Evers’ budget listening session

Gov. Evers and Lt. Gov. Barnes are having listening sessions for the state’s 2021-2022 budget.

The session tomorrow — Dec. 2nd, starting at 6pm — is on the “Environment, Infrastructure, and the Economy.” As unemployment benefits are part of the economy, those of you still waiting on benefit claims or have had their entirely merited claims denied for illegitimate and illegal reasons should make your concerns about the unemployment system known.

Click here to register for this meeting. The meeting can be watched on WisEye.

If you are looking for something to say, look at this poster that used to appear in the state’s unemployment offices.

unemployment poster

As I wrote on July 9th:

A weekly benefit for food and shelter does not exist when the state agency actively takes every opportunity to deny unemployment benefits for weeks and now months at a time.

Furthermore, Wis. Stat. § 108.01 (emphasis provided) declares the following public policy:

(1) Unemployment in Wisconsin is recognized as an urgent public problem, gravely affecting the health, morals and welfare of the people of this state. The burdens resulting from irregular employment and reduced annual earnings fall directly on the unemployed worker and his or her family. The decreased and irregular purchasing power of wage earners in turn vitally affects the livelihood of farmers, merchants and manufacturers, results in a decreased demand for their products, and thus tends partially to paralyze the economic life of the entire state. In good times and in bad times unemployment is a heavy social cost, directly affecting many thousands of wage earners. Each employing unit in Wisconsin should pay at least a part of this social cost, connected with its own irregular operations, by financing benefits for its own unemployed workers. Each employer’s contribution rate should vary in accordance with its own unemployment costs, as shown by experience under this chapter. Whether or not a given employing unit can provide steadier work and wages for its own employees, it can reasonably be required to build up a limited reserve for unemployment, out of which benefits shall be paid to its eligible unemployed workers, as a matter of right, based on their respective wages and lengths of service.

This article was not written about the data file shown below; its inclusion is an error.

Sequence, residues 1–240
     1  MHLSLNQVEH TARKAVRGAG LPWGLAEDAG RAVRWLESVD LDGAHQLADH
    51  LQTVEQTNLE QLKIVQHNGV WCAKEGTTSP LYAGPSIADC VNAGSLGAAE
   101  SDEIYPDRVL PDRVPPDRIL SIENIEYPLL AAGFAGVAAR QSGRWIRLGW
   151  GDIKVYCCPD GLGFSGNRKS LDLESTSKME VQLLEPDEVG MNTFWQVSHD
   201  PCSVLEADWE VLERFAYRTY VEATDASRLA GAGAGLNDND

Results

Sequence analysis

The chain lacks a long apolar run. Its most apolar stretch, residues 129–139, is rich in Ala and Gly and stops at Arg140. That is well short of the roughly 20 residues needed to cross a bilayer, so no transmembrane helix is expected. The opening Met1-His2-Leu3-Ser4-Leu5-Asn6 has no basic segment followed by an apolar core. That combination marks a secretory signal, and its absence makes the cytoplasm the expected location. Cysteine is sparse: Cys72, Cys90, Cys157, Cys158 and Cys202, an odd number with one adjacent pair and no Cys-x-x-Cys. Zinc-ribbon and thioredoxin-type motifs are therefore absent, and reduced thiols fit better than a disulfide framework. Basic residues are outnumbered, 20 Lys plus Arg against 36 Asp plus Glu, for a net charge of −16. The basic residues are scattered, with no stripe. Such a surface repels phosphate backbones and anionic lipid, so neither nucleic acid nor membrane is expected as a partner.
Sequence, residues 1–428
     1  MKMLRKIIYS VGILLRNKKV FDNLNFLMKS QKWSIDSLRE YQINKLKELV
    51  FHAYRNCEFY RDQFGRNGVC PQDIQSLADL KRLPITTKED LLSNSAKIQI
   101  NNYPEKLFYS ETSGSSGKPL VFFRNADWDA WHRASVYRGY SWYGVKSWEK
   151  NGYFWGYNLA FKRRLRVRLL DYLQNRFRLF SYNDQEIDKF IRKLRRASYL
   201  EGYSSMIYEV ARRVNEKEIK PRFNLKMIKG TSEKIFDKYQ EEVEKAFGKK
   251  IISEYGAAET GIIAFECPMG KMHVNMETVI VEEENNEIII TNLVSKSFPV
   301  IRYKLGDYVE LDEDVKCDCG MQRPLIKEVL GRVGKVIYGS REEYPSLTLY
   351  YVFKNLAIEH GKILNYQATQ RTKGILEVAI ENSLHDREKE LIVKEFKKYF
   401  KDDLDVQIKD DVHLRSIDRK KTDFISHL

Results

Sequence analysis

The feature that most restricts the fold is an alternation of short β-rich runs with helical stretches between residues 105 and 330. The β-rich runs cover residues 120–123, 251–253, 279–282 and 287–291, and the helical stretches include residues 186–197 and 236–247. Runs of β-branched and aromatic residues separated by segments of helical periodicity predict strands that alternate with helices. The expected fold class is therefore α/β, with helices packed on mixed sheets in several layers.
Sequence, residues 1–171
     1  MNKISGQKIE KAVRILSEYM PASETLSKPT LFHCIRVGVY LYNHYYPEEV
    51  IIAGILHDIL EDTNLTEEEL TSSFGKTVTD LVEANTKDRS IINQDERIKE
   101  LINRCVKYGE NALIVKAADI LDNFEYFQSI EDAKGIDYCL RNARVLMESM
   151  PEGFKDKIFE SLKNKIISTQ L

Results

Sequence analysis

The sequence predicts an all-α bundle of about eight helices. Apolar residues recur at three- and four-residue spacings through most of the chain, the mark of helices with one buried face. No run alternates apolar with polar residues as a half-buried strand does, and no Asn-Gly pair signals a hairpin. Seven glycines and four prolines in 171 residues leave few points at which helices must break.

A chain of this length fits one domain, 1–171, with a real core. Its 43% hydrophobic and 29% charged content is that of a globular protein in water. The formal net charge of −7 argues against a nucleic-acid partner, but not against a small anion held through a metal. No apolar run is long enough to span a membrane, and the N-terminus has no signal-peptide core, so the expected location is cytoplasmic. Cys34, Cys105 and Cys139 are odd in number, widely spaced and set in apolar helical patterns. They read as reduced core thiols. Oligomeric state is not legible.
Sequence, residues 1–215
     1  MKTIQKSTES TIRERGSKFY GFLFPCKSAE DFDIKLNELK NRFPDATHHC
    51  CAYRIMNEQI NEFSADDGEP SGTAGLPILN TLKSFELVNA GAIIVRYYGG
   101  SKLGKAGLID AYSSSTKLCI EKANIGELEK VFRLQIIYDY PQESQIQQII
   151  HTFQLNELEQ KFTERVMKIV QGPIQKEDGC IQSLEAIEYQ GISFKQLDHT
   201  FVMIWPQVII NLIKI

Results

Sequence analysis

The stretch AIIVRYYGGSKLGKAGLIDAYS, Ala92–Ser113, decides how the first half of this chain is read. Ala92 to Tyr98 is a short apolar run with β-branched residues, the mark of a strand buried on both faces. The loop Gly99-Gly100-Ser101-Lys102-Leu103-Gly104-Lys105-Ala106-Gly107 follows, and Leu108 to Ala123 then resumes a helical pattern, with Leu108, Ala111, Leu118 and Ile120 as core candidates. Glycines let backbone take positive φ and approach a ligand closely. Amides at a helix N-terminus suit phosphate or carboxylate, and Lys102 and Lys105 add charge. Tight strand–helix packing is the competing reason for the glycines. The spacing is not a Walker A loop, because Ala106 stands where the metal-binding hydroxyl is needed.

(2) The economic burdens resulting from unemployment should not only be shared more fairly, but should also be decreased and prevented as far as possible. A sound system of unemployment reserves, contributions and benefits should induce and reward steady operations by each employer, since the employer is in a better position than any other agency to share in and to reduce the social costs of its own irregular employment. Employers and employees throughout the state should cooperate, in advisory committees under government supervision, to promote and encourage the steadiest possible employment. A more adequate system of free public employment offices should be provided, at the expense of employers, to place workers more efficiently and to shorten the periods between jobs. Education and retraining of workers during their unemployment should be encouraged. Governmental construction providing emergency relief through work and wages should be stimulated.